China has overtaken the US in the consumption of basic agricultural and industrial goods, a survey has found.
China has "eclipsed" the US as a consumer nation
With a booming economy and 1.3bn people, it is now the world's largest consumer of grain, meat, coal and steel, said the Earth Policy Institute.
But China's insatiable demands are putting ever more pressure on the country's natural resources.
Air and water pollution are already serious problems, and there is talk of a looming ecological crisis.
China is well ahead of the US in the consumption of goods such as television sets, refrigerators and mobile phones, according to the Washington-based Earth Policy Institute.
However, per capita consumption in China - the world's most populous country - remains far below that of the US.
According to the report:
- 64m tons of meat were consumed in China in 2004 compared to 38m tons in the US
- 258m tons of steel were used in China in 2003 compared to 104m in the US
- China's factories and homes burned 40% more coal than in the US
- The number of PCs in China is doubling every 28 months.
The latest official figures for the Chinese economy, the sixth-largest in the world, show it is growing at an even faster rate than expected.
It expanded by 9.5% in 2004, its highest rate for eight years, the figures show.
"China's eclipse of the United States as a consumer nation should be seen as another milestone along the path of its evolution as a world economic leader," Lester Brown, the institute's president, said.
"China is no longer just a developing country," he said. "It is an emerging economic superpower, one that is writing economic history".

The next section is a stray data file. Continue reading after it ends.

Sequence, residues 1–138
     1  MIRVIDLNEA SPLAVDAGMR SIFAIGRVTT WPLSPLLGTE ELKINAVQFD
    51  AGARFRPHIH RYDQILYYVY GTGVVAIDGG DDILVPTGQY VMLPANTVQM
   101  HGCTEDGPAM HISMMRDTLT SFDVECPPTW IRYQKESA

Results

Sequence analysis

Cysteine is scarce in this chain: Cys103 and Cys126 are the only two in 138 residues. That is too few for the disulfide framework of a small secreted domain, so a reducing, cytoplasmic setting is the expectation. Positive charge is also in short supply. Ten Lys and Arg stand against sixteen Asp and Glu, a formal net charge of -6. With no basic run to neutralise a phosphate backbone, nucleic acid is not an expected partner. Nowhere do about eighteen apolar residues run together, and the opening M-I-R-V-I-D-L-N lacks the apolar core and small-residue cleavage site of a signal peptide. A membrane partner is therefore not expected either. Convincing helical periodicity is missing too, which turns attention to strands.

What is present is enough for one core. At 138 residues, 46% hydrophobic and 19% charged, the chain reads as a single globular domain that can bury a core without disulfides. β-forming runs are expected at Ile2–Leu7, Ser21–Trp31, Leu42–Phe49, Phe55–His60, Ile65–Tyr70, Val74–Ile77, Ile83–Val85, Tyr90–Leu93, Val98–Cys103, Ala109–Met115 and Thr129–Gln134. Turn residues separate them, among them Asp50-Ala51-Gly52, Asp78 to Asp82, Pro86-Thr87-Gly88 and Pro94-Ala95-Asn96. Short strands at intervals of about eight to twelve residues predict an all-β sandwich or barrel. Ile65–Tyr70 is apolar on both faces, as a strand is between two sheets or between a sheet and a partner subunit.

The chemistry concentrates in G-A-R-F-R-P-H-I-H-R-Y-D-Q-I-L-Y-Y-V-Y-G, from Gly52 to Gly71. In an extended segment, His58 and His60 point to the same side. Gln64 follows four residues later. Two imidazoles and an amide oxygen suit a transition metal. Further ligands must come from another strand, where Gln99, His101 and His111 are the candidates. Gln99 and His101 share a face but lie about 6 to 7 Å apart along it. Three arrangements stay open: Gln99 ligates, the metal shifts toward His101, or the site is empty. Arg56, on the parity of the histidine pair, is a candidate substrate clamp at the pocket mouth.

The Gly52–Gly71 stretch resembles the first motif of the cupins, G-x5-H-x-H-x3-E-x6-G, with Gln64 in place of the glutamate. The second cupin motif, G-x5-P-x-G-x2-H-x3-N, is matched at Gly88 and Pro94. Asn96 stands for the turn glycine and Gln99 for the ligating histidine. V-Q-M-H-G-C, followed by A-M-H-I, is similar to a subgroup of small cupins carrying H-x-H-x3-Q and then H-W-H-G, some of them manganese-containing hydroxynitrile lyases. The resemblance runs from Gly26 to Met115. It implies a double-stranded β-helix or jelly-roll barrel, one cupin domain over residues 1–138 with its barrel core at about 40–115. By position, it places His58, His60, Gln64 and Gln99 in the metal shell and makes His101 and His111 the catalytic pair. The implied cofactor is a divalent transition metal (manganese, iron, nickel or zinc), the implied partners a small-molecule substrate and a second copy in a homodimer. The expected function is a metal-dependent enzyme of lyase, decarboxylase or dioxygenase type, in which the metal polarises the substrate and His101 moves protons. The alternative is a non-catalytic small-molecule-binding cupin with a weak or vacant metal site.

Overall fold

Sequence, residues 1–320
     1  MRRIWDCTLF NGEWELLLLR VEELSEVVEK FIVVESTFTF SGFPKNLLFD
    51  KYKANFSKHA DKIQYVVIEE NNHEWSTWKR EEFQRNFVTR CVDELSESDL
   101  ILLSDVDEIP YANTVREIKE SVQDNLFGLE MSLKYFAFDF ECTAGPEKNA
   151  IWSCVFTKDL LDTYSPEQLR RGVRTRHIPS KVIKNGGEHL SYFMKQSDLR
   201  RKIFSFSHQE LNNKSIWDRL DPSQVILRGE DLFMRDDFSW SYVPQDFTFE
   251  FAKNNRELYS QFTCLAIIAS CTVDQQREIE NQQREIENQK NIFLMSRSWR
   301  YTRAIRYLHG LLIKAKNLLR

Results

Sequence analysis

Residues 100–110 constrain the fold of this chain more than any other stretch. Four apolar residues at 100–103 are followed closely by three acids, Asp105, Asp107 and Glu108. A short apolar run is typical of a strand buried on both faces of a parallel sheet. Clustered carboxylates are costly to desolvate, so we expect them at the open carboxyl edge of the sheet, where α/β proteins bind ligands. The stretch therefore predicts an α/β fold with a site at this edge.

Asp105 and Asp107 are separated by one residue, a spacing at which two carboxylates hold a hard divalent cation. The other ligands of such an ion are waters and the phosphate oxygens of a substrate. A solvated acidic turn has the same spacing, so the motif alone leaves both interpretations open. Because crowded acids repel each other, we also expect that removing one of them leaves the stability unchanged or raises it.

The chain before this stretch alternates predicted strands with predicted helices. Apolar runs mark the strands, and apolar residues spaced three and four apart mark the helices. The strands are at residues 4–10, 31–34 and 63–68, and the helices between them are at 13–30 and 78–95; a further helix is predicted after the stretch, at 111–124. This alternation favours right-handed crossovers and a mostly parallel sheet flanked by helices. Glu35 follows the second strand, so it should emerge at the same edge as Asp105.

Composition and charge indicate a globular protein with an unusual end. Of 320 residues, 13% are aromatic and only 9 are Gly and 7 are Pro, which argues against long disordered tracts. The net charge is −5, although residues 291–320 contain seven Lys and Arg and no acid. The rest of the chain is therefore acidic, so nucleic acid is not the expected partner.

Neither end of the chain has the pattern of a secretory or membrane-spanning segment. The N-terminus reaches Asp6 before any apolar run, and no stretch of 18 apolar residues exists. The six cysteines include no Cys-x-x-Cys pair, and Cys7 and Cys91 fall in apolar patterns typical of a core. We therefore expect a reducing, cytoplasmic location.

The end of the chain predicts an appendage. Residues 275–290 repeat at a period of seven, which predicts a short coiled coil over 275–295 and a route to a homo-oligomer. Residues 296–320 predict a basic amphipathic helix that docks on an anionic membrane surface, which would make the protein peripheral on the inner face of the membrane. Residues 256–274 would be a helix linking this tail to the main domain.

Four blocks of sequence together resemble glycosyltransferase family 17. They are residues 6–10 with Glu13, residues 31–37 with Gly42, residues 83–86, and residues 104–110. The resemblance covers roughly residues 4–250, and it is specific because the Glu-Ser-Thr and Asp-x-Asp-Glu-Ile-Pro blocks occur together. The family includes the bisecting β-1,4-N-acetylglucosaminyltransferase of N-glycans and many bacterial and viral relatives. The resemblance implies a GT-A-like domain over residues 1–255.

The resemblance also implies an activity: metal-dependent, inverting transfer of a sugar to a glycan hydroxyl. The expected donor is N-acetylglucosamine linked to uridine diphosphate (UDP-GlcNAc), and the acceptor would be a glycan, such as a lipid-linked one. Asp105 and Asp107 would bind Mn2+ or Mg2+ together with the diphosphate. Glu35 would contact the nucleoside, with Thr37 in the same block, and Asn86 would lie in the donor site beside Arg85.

The report said China's massive appetite for goods ranging from grain to platinum had placed it "at the centre of the world raw materials economy".
60% of Chinese cities have serious air pollution problems
One of these raw materials is wood - and the illegal trade in stolen timber is stripping Asia of its last substantial forests, according to a report by the US and UK-based Environmental Investigations Agency and Indonesian campaigning group Telapak.
Indonesia is now suffering the fastest rate of deforestation in the world, losing a wooded area the size of Switzerland every year.
According to investigators, Chinese factories process one stolen Indonesian log every minute of every working day.
Deforestation is not the only unwanted consequence of China's huge consumption of natural materials, says the BBC's Louisa Lim in Beijing.
Coal-fired power plants supply much of the country's energy and according to government estimates, 60% of Chinese cities have serious air pollution problems, she says.
The Kyoto Protocol considers China a developing nation, and it is currently exempt from cutting greenhouse gas emissions.
Experts also say that more than three-quarters of the water flowing through China's cities is unsuitable for drinking because of pollution from industrial waste, according to our correspondent.
Scores of rivers have dried up and water tables are getting ever lower.
An official from the Chinese environmental watchdog, Panyue, said the nation's resources and its environment had already reached the limits of their capacity to cope.
Initial moves are now being taken to enforce environmental laws, but moves in this direction could ignite new tensions between government agencies and big business.